In Closed Session

Answer me this — are there more homeless people in Long Beach than there were a year ago?

That's a tougher question than you might think. The very definition of homelessness — transient, without a place — makes it difficult to get an accurate count.

But the government tries. Long Beach tries. And that's not just because the number of homeless people is tied directly to the amount of money the city receives to provide services to that population. The experts really do want to know who the homeless are and how many people need help.

Which leads to what's called the Point In Time homeless count. Results of the count taken in January were released Tuesday, and, comparing the numbers to counts taken in 2017, 2015 and 2013, the homeless population in Long Beach has leveled off at around 2,000 people.

Assuming the accuracy of the counts, that's actually sort of bad news — in the last couple of counts, the number of homeless people had declined. In 2013, the tally was 2,847 people, almost a thousand more than this year's 1,894 total.

But compared to 2017, the number has risen just a bit. Two years ago, the final count was 1,863.

You statisticians out there know that difference is essentially zero — quick, someone get the calculator out and tell me what percentage 31 is of 1,894. I'm no mathematician, but I'm pretty sure that's less than 2 percent; within the margin of error, if you will.

But I can already hear the grumbling. Plenty of people will claim the city must be deliberately messing with the numbers — everyone can see there are more homeless people than ever. Just walk down Pine Avenue downtown, or Second Street in the Shore.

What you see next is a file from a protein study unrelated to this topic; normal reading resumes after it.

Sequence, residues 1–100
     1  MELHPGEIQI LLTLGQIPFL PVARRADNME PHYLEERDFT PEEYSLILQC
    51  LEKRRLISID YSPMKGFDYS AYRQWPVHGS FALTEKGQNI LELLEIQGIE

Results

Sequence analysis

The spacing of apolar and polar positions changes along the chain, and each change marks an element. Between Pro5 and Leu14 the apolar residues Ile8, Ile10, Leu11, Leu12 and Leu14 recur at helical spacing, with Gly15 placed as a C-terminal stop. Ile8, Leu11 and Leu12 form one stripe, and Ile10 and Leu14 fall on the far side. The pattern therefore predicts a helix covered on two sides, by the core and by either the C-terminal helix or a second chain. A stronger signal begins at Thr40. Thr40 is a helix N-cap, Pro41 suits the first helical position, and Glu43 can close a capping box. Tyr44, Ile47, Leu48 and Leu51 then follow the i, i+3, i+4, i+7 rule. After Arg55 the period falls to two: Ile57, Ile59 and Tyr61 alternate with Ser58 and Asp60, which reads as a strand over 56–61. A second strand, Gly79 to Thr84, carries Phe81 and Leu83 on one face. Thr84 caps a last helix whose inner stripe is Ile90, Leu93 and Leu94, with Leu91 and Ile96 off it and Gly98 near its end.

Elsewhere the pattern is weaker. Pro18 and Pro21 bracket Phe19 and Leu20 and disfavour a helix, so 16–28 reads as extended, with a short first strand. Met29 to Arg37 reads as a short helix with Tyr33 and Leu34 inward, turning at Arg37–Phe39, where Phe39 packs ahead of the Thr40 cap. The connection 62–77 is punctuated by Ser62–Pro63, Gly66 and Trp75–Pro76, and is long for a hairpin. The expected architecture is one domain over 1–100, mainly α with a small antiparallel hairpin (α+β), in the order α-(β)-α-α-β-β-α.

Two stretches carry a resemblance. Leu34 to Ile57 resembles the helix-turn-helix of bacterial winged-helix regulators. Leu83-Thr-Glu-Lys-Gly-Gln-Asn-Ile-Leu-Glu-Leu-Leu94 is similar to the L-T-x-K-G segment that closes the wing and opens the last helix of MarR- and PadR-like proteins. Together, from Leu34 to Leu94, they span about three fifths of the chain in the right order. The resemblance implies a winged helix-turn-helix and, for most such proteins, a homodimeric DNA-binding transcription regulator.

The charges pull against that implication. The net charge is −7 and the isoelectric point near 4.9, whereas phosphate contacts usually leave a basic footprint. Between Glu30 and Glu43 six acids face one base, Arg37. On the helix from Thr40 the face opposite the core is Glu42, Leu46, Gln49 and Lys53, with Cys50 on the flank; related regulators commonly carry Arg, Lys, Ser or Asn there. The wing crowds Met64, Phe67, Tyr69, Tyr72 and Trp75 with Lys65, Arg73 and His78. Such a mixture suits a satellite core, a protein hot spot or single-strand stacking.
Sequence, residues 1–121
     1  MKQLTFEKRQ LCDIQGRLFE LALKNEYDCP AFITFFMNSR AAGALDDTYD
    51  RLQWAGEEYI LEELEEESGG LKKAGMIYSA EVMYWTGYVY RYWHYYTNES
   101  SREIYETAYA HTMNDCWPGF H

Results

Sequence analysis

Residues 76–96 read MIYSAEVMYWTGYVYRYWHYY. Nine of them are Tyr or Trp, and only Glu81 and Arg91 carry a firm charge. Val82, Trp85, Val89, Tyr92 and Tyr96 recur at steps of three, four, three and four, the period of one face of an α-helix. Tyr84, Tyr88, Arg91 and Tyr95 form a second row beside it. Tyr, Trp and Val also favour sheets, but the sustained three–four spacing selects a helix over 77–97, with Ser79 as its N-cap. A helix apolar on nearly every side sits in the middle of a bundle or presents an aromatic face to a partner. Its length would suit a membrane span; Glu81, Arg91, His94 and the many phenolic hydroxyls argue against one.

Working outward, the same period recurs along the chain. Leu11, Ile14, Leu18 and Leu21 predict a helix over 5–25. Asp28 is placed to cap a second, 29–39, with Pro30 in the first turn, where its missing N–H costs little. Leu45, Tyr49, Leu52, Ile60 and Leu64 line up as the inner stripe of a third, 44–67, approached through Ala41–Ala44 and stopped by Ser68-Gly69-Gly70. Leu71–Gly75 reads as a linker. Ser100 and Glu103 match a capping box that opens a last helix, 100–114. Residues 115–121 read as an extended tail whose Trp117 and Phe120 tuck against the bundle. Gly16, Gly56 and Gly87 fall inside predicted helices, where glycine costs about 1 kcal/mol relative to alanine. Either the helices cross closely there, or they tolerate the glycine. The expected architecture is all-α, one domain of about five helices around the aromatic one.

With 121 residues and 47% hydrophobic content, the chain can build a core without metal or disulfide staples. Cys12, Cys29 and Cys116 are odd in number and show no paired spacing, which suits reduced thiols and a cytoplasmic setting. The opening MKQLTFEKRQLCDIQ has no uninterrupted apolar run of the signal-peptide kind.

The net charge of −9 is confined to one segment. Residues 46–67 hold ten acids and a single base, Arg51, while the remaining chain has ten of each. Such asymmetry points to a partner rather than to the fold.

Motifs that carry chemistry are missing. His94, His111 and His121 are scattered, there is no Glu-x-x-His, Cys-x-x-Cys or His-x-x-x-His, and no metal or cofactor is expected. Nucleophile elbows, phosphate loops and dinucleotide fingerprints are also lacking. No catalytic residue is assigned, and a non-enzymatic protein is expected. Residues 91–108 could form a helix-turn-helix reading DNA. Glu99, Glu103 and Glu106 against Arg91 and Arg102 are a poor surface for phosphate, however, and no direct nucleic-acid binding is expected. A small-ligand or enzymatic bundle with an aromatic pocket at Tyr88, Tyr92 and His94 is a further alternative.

That's a perception that's hard to shake. Street people are hard to miss, and have a tendency to disrupt what we envision our life should be.

My friends in city government trying to help homeless people find shelter are past tired of hearing me say it, but perception is reality. Trying to convince the majority of the city's residents that the fight against homelessness is making a difference has about as much chance of success as me winning the lottery.

Perceptions aside, facts are facts. I side with the city's experts on this one.

This count is called a point in time because it is just that — a snapshot of what people could find in late January. Long Beach's homeless population ebbs and flows, depending on everything from the weather to the economy to the price and availability of apartments.

Here are a couple of numbers that feed the perception homelessness is growing. A third of the total, 632 people, are classified as chronically, or long-term, homeless, with 60 percent of the homeless on the street for more than a year. For nearly half the homeless population, this is not the first time they have been homeless. And here's the biggie — of the 1,131 people who admitted they have been asked to accept services or shelter, only 593 agreed to literally come in from the cold.

There are lots of other interesting, important facts in the count results — 24 percent of those surveyed have substance abuse problems, 34 percent have mental health issues, etc. The details will help inform the experts and allow them to tweak the ways they fight homelessness.

What the numbers can't address is the perception that homelessness is a growing issue. And Long Beach has a fairly unique problem here.

There no longer is one area of the city where most of the visible homeless street people congregate. Instead, they have spread out through much of the city. Other Southern California cities have places like Skid Row or tent cities that attract people. At one time, Lincoln Park downtown was that kind of magnet, but it is no more, and city leaders public and private have vowed to make sure the new Lincoln Park doesn't become that congregation point again.

County figures and counts in other cities were released Tuesday as well, and Long Beach is doing comparatively well. That's small solace when you realize nearly 2,000 people will be homeless in Long Beach tonight.

Still, these numbers will help continue the fight to reduce that population. And that is a good thing. So let's get to it.

Harry has been executive editor of Gazette Newspapers for more than 26 years. He has been in the newspaper business for more than 35 years, with experience on both weekly and metropolitan daily papers in Colorado and California.

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